The Bible opens with stories of a seven day creation,
sequenced, if not timed, by evolution;
telling how one thing led to another
and culminated in mankind.

It tells how man progressed from hunter-gatherer in the garden of plenty
to a settled agricultural existence and of the tensions which that change created.
It tells of how people developed different skills, broke up into tribes or nations
and even how they came to need religion, a code that all could follow.

All this was framed into individual stories
framed by ancient shamans to provide reason
for the world around them to their followers.
Stories, parables, not facts.

The stories lived on within the tribal memory
of inundation of their lands by flooding, of the Nile or some other mighty river.
The first experience of such devastation.

The stories tell of new inventions, brick and mortar,
and of how new knowledge threatened the shamatic leaders.
The people were divided by conflicting ideas, even new languages to express them.

Finally, in this section, we come to the tale of Abraham.
How famine in their lands caused them to seek aid in Egypt.
From there they were ejected as a threat to monarchy,
but returned, begging for food, a generation later,
leading to their enslavement in Egypt.

Of course these ideas were woven into a narrative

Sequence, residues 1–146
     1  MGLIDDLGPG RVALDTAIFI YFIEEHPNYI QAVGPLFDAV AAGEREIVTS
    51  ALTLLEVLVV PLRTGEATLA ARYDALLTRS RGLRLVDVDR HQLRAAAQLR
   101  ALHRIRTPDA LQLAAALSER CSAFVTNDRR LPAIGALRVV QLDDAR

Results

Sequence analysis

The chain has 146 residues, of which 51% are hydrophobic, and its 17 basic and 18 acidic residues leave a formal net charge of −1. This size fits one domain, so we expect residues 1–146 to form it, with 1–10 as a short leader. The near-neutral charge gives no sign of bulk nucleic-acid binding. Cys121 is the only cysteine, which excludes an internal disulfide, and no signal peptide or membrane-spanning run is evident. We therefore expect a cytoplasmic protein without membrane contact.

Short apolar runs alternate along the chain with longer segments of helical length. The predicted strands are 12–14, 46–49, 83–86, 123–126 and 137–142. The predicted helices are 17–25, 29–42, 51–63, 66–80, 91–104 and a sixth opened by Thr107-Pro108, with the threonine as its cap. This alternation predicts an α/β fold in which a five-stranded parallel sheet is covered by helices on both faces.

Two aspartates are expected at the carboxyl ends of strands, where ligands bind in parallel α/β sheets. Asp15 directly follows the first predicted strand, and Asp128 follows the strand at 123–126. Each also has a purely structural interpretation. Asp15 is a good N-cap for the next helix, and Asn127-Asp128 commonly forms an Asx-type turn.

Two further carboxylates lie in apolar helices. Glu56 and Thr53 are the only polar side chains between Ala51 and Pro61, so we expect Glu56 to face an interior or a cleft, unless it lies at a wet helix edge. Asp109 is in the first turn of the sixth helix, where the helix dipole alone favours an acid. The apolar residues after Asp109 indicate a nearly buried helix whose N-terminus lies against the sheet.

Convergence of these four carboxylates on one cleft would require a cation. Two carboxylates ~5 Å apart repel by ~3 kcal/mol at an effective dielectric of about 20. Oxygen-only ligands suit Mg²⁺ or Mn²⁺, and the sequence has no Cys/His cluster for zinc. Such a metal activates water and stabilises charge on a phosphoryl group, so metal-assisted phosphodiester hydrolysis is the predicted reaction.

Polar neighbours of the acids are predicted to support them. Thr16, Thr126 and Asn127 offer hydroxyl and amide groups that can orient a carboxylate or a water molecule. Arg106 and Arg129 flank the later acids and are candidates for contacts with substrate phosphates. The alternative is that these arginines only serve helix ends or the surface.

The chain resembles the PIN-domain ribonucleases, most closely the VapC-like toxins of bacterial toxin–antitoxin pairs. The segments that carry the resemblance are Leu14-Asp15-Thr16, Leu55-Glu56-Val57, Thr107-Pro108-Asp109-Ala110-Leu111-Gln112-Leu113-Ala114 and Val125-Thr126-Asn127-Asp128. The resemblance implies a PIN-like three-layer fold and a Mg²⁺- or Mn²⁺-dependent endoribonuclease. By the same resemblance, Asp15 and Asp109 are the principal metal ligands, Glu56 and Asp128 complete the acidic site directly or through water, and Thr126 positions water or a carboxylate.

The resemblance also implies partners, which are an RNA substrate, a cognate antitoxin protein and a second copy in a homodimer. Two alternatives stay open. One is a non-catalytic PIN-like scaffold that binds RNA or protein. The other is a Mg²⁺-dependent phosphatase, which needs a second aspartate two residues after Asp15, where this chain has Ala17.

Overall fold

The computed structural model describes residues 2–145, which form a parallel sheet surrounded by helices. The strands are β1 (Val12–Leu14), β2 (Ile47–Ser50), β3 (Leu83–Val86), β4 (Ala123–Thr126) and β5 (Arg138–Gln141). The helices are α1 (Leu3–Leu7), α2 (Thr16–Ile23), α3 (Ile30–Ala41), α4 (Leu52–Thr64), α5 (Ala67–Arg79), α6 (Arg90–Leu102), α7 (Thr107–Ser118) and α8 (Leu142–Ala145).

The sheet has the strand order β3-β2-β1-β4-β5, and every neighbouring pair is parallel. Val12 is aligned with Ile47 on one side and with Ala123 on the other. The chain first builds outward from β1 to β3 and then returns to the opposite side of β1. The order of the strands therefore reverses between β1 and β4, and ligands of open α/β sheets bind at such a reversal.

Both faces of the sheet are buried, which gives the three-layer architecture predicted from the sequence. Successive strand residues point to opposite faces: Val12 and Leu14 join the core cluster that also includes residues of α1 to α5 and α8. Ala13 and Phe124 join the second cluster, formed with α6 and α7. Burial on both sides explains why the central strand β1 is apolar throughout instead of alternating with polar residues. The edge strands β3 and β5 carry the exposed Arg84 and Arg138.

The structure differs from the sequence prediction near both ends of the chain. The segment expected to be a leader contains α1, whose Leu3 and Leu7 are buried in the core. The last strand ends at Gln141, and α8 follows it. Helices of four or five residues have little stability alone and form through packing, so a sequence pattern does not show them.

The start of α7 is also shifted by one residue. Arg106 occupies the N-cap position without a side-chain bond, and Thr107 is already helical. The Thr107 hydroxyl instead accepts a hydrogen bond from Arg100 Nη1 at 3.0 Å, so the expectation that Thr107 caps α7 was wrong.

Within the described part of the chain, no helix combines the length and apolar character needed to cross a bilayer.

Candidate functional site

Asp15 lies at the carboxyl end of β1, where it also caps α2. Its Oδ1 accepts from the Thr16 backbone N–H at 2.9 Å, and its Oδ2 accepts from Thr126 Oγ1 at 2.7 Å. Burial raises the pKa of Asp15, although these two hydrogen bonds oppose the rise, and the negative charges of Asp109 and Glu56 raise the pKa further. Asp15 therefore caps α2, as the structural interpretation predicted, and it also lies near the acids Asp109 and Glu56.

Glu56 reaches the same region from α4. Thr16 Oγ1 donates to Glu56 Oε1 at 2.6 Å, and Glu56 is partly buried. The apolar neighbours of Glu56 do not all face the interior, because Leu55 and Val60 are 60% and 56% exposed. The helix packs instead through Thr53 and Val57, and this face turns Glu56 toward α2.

for consumption around desert campfires.
Only much later were they written down
and so conserved for the deception of
the credulous and literally minded.


It is adversity that brings a people closer together.
Out of the depths of slavery, the people fought back
bringing plague and disaster to their masters.
Finally, discovered in their group treachery,
the remnants fled to join their fellows in the desert
pursued by a war-band of Egyptians seeking revenge;
evading them in the sea of reeds that such brigands knew well

This was the tale of what grew into the Exodus legend.

The exiled nation wandered the desert seeking a foothold
thus becoming a viable nation and hardened warriors,
through the inspired leadership of Moses,
and his successors.

The Gods and ways of ancient Egypt were reimagined.
A new God, superior to all others, was created;
a God caring specially for the embryo nation;
a God who guided them through the desert
providing for them in their need,
but demanding obedience to new laws
that brought the people closer together
gave them a national coherence, an identity;
An identity which they have maintained to this day.

Having built up their strength and numbers
Israel invaded Canaan, slaughtering its inhabitants
and forming a powerful nation amidst competing tribes.
The tales of heroic kings and national glory
emerge from this time of conflict.